Vaccine uptake in England nearly halved amid conflicting messages | Vaccines and immunization
Uptake of the Covid-19 vaccine in England has nearly halved over the past two weeks, with health experts blaming mixed government messages about life returning to normal on July 19.
The Guardian analysis found that eating has slowed particularly among people under 30 in the past three weeks after Initial rush of enthusiasm which the government likened to a “Glastonbury-style rush”.
No major supply issues have been reported with any of the three coronavirus vaccines licensed in the UK.
at ManchesterWith coronavirus infection rates more than double the English average, trained military personnel have been deployed to help administer vaccinations, only to the soldiers so they end up with little work.
At lunchtime on Monday there was no queue at a pop-up clinic in Belle View, Gorton. In this ethnically diverse area of East Manchester, 61% of the adult population had received their first vaccine dose by Monday, compared to the national average of 86% (65% for two doses).
There were similar reports last week from another pop-up clinic on the multicultural Moss Side, where the first dose was 45% by Monday. People who attend clinics do not need an ID card, do not need to register with a GP, and do not have to prove immigration status.
David Reagan, Manchester’s director of public health, said taking the vaccine had since spread to both locations, but was concerned that people had subsided into a false sense of safety with all the focus on “returning to normalcy”.
He said, “There is a concern about messages being lost in [opening-up announcement] In terms of delta variable transmission. Yes, the relationship between infection, hospitalization, critical illness and death is severely weakened, but it has not been completely severed.”
He added that older groups are still at risk of serious disease even with vaccination, and high rates of the long-term Covid virus in all age groups could cause major problems in the future.
Designated as an “enhanced response area” in early June, Army troops went to Manchester to support mass vaccination. The problem now, Reagan said, is not capacity but participation. “We’ve gone from waiting lists and not being able to manage demand, to a place where we have the supply and we have to generate that demand.”
He said the city had 26,368 appointments next week and was using local social media influencers to spread the word, as well as “anti-mythology ambassadors on WhatsApp groups”.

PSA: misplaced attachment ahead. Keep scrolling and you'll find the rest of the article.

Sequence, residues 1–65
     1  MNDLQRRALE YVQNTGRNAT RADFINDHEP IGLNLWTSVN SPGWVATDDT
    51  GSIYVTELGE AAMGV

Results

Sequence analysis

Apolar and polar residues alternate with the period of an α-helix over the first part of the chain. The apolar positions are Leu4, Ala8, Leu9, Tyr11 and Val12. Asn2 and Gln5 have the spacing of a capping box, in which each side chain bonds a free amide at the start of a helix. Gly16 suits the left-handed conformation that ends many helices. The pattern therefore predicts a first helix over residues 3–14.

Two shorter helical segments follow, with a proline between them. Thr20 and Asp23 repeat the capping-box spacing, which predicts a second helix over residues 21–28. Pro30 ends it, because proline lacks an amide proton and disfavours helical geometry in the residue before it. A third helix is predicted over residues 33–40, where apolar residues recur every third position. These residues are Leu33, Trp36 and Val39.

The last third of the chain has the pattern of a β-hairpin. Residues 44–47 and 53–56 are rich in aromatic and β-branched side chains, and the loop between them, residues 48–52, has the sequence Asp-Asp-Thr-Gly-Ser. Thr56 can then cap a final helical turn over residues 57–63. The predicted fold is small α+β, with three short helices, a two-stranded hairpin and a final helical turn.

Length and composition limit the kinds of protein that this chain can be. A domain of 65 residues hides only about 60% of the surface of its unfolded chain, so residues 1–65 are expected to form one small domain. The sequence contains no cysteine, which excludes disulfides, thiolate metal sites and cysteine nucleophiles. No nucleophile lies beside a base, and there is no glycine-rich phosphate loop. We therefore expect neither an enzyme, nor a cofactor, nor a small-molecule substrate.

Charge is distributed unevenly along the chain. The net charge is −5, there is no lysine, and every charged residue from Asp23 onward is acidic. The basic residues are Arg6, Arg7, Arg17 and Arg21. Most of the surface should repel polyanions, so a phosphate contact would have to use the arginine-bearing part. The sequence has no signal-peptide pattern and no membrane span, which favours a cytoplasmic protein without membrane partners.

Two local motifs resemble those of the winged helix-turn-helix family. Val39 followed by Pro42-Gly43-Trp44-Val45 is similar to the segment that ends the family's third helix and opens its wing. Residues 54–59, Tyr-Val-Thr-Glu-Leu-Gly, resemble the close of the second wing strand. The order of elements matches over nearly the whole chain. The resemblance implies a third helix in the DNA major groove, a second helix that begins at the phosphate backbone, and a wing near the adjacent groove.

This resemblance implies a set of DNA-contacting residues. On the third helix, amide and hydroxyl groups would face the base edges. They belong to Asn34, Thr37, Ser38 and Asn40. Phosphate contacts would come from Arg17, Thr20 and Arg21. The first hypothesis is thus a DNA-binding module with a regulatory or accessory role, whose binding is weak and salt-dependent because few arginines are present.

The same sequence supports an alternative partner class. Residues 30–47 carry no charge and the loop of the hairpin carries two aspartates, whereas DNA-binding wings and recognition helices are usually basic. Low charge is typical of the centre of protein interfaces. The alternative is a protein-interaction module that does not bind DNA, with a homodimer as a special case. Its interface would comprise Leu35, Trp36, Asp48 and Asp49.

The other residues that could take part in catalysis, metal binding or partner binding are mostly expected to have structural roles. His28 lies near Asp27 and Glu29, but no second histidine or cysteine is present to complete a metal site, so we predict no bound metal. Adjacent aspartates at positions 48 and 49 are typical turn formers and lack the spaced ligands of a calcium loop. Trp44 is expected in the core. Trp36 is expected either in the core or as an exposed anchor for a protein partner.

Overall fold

The Sheffield The inner city areas of Cathedral Quarter and Kelham have the lowest vaccination rates in England. As of Monday, only 31.8% of adults had received one dose and 8.4% two doses.
Greg Fell, Sheffield’s director of public health, said that while he felt more open to the community was imperative, people should not underestimate the risks.
“I am upset at the thought that this is over and gone now,” he said. The roadmap is over, there is no doubt about it. But this virus is still hurting people and we need to continue to be vigilant about it.”
Phil said increasing vaccination intake before fall is critical. “I think the state has done a really good job of vaccinating, and there are no two ways about it. But there are still a lot of people who haven’t had a single dose. Don’t bother with a two-dose.
“In our 50s, coverage for us is 90% randomized, which is amazing…but that’s still 10% of the population over 50 [who have not had a jab]. In numbers, there are about 16,000 people over 50 in Sheffield who have not received their first dose. This is not a small number of people. Some of them will hurt.”
Phil said the cathedral’s numbers and all should be viewed with caution, given that an estimated 66.5% of the population were students, many of whom went home. “They will still be in our numbers but they will not stick a needle in their arm in Sheffield,” he noted.
On Tuesday only 85,811 doses of the Covid-19 vaccine were given in the UK. The seven-day average is 114,1532, down 43% from 199,512 two weeks ago.
Vaccination data for children aged 25 to 29 in England showed that 27.6% had received their first dose by 8 June, when everyone in that age group became eligible. The percentage rose to 37.5% the following week and 46% the following week.
However, in the week ending July 6, the ratio rose only 2.6 percentage points, and now stands at 55.6%. A similar trend is evident among 18-24 year olds.
Covid-19 infection rates are high among young people, which means many will not be able to get their first dose yet. There were 422 cases of infection per 100,000 people aged 25-29 on July 2, more than double the rate for 45-49-year-olds, which is 189 per 100,000.